Interpreting Unexpected Results

So, what do you do when you see an outcome in your trend line that you don’t expect? Maybe the trend goes opposite the direction than you expected or maybe there is no measurable impact at all. The chart above could represent a fairly standard first-year trend for a brand new community for an existing customer base. What if we added a few anomalous events to these metrics?

💭 The anomalies here occur in January, April, August, and September (and possibly December). What do you think might be happening here?

If you see an unexpected result from a planned activity or event, there are a couple of possible causes that you should explore:

  • Not enough time for the impact to be clear. If your KPI is actually a lagging indicator, there may not be a linear correlation or immediate impact from your activities. For example, is it reasonable to expect immediate increases in your SEO ranking compared to a well-established site, like Stack Overflow, if you’ve made some changes to your own site? Probably not. So, you shouldn’t expect to see a major increase in referrals from search results for particular keywords in the same month that you’ve made the UI changes designed to impact SEO ranking.
  • Your tactics are not aligned with your community’s motivations. I explain a bit about intrinsic vs. extrinsic motivators in my talk about psychological safety, but this topic is worth exploring more deeply if you’re unclear about what motivates your community members’ behavior. A lack of understanding here will create bigger problems for you in the long run and should be explored as soon as possible in your planning of any new initiative.
  • Other factors influencing your outcomes. Whether your activity or event is drowned out by an even bigger news story or announcement, your members are dissatisfied with your company for reasons outside of your control – like a bad customer support experience, or something as simple as a regional holiday or cultural event (e.g. summer vacation in western Europe) could cause a disconnect between a tactic that would otherwise resonate with your members and the results you’re looking for. When researching anomalies, be sure to rule out any external factors that could have skewed your results.

💭 In the chart above, the easiest anomalies to eliminate would be the launch (January), European summer months, and end-of-year holiday season. You could validate this by checking the year-over-year trends during that same time period. And this, of course, would depend on the regional location breakdown of your community members. The next step would be to compare the trends against any known external factors, such as company or industry events, breaking news stories, new feature releases, etc. which may have brought more attention to your community than usual. Lastly, check against your own initiatives to determine which tactics had the most desired (or most undesirable) impact on your KPIs, such as webinars, meetups, email newsletters, UI changes, discussion prompts, and more.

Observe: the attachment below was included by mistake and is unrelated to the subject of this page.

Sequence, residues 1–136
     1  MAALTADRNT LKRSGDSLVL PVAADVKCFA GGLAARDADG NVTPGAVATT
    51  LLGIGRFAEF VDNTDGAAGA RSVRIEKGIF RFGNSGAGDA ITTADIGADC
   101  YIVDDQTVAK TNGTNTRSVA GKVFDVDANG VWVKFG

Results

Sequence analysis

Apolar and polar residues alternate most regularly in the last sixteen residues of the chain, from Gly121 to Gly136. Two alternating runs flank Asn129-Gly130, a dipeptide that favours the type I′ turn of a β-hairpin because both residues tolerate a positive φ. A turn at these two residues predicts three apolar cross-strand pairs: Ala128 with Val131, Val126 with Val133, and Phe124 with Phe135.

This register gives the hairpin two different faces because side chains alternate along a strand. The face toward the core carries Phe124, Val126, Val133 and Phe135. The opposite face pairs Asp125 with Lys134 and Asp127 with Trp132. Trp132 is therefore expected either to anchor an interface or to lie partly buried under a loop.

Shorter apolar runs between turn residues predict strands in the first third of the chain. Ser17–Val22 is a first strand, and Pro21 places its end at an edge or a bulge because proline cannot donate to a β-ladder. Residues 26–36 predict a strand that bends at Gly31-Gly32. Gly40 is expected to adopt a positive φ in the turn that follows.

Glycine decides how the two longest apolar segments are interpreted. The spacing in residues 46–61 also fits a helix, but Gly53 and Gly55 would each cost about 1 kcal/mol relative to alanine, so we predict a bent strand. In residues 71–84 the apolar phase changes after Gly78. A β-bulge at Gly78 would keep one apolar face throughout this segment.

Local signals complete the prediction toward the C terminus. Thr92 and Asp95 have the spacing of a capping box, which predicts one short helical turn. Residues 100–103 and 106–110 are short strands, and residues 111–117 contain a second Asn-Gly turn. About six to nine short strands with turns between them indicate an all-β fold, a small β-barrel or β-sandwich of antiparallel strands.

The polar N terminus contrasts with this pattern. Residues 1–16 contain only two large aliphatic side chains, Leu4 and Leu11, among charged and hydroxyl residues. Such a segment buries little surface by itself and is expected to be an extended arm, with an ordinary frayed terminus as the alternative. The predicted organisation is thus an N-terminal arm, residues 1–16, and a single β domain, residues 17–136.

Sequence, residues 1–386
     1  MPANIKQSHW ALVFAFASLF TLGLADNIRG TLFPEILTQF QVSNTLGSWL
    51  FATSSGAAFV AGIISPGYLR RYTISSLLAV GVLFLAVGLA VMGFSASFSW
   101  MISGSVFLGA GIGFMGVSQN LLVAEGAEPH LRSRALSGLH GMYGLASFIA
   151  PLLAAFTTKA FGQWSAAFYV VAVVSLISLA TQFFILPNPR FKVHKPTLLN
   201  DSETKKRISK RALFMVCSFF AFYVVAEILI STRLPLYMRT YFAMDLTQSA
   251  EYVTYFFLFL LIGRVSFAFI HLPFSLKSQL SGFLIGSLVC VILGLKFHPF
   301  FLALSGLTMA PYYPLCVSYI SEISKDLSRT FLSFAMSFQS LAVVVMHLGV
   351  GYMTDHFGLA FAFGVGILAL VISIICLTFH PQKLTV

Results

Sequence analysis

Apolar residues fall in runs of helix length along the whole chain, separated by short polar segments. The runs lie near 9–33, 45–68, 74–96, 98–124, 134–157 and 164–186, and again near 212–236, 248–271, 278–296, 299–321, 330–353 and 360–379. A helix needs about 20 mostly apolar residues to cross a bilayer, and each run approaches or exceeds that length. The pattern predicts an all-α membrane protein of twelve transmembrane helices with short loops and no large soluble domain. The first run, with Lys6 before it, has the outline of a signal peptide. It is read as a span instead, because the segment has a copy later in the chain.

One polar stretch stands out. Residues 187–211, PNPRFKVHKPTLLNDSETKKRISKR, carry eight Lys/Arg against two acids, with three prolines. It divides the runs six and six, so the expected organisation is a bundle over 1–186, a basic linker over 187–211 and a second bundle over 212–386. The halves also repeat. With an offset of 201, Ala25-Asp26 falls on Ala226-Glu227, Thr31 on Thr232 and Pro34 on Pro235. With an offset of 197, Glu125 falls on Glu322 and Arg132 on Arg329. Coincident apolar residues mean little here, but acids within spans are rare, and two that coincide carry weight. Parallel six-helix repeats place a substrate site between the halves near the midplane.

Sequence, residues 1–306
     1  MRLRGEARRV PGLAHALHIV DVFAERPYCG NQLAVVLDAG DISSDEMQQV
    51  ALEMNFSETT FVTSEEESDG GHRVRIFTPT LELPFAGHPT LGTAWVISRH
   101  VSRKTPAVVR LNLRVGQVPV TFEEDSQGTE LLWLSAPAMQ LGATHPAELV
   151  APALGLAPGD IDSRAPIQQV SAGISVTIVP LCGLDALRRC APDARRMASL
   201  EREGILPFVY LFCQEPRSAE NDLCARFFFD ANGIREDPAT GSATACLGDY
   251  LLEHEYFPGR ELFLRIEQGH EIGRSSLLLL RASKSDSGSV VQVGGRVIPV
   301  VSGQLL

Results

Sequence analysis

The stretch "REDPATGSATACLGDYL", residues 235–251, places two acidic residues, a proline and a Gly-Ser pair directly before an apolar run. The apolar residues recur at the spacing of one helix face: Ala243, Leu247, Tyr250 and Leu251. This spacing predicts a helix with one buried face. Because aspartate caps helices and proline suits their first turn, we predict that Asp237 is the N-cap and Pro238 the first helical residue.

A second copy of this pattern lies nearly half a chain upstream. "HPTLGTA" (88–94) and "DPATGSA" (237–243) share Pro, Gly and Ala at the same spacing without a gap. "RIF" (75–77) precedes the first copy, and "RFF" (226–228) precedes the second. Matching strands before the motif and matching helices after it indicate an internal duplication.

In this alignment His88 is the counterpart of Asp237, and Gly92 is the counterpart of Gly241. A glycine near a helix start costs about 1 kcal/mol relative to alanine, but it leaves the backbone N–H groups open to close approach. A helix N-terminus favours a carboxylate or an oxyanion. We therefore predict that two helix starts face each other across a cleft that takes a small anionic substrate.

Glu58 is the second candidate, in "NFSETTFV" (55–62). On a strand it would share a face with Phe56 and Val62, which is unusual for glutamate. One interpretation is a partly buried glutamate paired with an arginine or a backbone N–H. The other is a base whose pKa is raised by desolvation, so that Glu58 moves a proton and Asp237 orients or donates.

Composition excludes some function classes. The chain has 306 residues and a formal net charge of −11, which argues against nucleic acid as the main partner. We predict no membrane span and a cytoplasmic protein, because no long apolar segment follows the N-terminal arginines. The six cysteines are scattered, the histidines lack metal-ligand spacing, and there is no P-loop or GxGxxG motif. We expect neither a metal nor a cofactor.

💡Remember that your KPIs should be providing you with actionable intelligence, meaning that there should be clear and explicit actions to take whether the metrics prove or disprove your hypothesis.

Adapting the Roadmap as a Living Document

The most important element of the scientific approach to community strategy planning is the willingness to adapt based on new information. Your strategy should evolve as you begin to compile more and more data to ensure that you are not wasting time and resources on tactics that are not strategically beneficial to your community and your company. Keep going back to your hypothesis to check and see if:

  1. it still reflects the expectations and needs of the business
  2. it is supported by your evidence

If not, it’s time to revisit and revise with your stakeholders. Admitting that your hypothesis was wrong, your plans didn’t work out, or your assumptions were inaccurate can be a tough conversation to have, especially with your management team, but ultimately you are working in the best interests of your company and your community by leaning on data to make smart, educated decisions about how to best serve your members.